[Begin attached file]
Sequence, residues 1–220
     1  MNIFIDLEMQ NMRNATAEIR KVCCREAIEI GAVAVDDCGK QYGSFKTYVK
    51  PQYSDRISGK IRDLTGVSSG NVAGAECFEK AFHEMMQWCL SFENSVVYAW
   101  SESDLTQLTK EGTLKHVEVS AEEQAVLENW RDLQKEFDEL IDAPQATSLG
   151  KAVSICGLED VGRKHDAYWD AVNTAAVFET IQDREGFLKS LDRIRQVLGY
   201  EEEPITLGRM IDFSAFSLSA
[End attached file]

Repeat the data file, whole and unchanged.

Sequence, residues 1–220
     1  MNIFIDLEMQ NMRNATAEIR KVCCREAIEI GAVAVDDCGK QYGSFKTYVK
    51  PQYSDRISGK IRDLTGVSSG NVAGAECFEK AFHEMMQWCL SFENSVVYAW
   101  SESDLTQLTK EGTLKHVEVS AEEQAVLENW RDLQKEFDEL IDAPQATSLG
   151  KAVSICGLED VGRKHDAYWD AVNTAAVFET IQDREGFLKS LDRIRQVLGY
   201  EEEPITLGRM IDFSAFSLSA